The idea of a subway was not new, it had been kicking around for years, and probably got its first real wake-up call from the infamous Great Blizzard of 1888, which paralyzed the city under as much as fifty inches of drifted snow. When planners were figuring out where the subway would run, it was a no-brainer that there would be a subway line that traveled under the East River, joining Brooklyn and Manhattan.
As we’ve seen in the last two chapters of our story, the excavation of the first IRT tunnel underneath the river caused all kinds of problems to those above Joralemon Street in Brooklyn Heights. Buildings shifted on their foundations, sheered-off stoops, cracked walls and downed plaster ceilings told homeowners that they were literally living on shifting sands.
Thousands of dollars of damage was done on Joralemon Street in the years between 1903 and 1905, and initially, the city denied responsibility, refusing to pay homeowners for the damage. But lawsuits were filed with rapidity worthy of today, and eventually, the city and the Interborough Rapid Transit Company were forced to compensate the people of Joralemon Street to the tune of several million dollars.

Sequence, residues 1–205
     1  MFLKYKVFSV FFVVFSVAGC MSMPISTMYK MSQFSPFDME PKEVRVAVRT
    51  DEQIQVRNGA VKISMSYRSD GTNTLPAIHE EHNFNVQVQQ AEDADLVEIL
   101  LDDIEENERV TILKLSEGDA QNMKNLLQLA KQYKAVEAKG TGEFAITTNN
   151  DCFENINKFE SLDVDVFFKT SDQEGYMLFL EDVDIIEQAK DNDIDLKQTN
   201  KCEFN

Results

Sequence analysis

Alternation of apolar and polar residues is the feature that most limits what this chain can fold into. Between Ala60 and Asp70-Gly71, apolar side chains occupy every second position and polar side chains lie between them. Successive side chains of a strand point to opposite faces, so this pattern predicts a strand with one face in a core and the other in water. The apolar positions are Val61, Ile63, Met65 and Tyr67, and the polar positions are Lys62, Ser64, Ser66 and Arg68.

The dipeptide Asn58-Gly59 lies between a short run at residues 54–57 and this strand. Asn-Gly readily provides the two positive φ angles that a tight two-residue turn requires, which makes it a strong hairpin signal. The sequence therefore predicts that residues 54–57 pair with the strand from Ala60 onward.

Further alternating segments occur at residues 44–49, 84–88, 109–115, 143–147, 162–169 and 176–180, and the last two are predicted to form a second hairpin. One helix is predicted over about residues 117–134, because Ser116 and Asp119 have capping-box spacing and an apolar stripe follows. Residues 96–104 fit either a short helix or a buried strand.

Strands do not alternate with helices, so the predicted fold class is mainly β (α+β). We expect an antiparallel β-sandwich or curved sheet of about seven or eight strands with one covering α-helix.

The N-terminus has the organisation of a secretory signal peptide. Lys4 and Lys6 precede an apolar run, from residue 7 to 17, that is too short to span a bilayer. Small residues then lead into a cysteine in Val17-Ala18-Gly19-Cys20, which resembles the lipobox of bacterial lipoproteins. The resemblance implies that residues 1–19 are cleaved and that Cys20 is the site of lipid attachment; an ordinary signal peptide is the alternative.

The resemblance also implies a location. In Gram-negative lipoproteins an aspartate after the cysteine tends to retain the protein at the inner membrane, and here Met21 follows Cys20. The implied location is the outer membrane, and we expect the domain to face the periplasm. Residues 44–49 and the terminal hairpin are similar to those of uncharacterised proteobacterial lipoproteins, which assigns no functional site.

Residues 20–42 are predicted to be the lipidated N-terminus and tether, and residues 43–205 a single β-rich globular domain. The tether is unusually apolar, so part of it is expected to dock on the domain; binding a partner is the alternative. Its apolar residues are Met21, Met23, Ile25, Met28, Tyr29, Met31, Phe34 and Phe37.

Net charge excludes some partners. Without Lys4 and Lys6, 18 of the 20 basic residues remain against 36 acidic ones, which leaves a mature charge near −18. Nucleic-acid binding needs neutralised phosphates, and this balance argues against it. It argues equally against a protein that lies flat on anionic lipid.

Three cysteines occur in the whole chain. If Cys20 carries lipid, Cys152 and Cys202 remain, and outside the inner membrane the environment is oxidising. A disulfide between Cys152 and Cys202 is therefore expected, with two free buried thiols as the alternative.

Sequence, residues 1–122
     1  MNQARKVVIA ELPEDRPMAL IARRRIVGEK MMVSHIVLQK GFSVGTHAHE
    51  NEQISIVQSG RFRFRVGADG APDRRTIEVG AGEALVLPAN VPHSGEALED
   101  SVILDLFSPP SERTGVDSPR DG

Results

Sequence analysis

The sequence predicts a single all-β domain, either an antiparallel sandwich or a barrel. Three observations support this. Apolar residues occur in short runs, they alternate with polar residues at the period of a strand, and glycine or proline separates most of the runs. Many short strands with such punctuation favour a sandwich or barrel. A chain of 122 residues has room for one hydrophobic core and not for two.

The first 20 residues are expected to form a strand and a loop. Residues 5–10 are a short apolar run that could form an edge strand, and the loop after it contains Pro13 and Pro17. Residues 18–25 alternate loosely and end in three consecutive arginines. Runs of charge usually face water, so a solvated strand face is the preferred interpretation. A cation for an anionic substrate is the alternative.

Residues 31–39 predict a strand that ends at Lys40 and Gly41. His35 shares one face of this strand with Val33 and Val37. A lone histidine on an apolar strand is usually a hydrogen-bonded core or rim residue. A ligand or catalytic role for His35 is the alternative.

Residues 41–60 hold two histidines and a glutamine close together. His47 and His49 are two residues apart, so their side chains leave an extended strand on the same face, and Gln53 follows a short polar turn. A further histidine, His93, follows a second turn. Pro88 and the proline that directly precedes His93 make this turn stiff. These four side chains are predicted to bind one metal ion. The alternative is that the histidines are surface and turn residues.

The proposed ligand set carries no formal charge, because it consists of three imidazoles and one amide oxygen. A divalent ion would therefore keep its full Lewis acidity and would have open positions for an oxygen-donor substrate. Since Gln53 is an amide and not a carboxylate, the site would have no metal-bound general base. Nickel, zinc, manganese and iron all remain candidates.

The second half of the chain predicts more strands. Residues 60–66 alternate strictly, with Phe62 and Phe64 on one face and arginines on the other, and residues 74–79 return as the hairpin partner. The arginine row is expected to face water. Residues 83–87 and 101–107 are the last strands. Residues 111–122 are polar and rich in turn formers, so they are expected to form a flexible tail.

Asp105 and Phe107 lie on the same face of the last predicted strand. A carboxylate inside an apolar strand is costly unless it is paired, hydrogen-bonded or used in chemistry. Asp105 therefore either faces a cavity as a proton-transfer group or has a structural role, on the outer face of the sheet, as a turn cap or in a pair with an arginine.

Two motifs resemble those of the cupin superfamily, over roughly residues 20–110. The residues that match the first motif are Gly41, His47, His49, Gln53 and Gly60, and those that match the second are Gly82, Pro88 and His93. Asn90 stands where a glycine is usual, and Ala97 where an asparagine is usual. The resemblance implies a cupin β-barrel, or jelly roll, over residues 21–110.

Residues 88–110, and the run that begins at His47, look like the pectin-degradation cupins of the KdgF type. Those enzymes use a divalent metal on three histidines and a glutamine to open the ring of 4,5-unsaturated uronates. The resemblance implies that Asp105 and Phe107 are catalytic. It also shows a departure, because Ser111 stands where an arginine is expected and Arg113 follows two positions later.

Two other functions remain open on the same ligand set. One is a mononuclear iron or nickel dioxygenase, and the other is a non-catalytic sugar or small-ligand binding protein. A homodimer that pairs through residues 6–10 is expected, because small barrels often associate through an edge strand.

Nothing teaches a lesson better than losing money, and the city fathers and the subway companies were paying attention. One subway tunnel under the East River was only the beginning. There would be more lines joining Manhattan and the other boroughs, excepting Staten Island. How would those tunnels be built, and would another Joralemon Street be in the offing? Not if they could help it. And because this was, after all, New York, the solutions found themselves mired in political mud. But first, there’s a bit of back story that needs to be told here:
The residents of Joralemon Street in Brooklyn Heights woke to read some of the most horrific news a home owner can ever read, emblazoned in the Brooklyn Eagle on June 17, 1904; “Property Owners Must Make Their Own Repairs. City not liable for damage done by Joralemon Street Tunnel, so says Transit Board.” They couldn’t believe it. It was like being knocked down, beaten up, and then charged for vagrancy. These were well-to-do, important people. They had never been so abused and outraged in their lives. And all for a subway tunnel.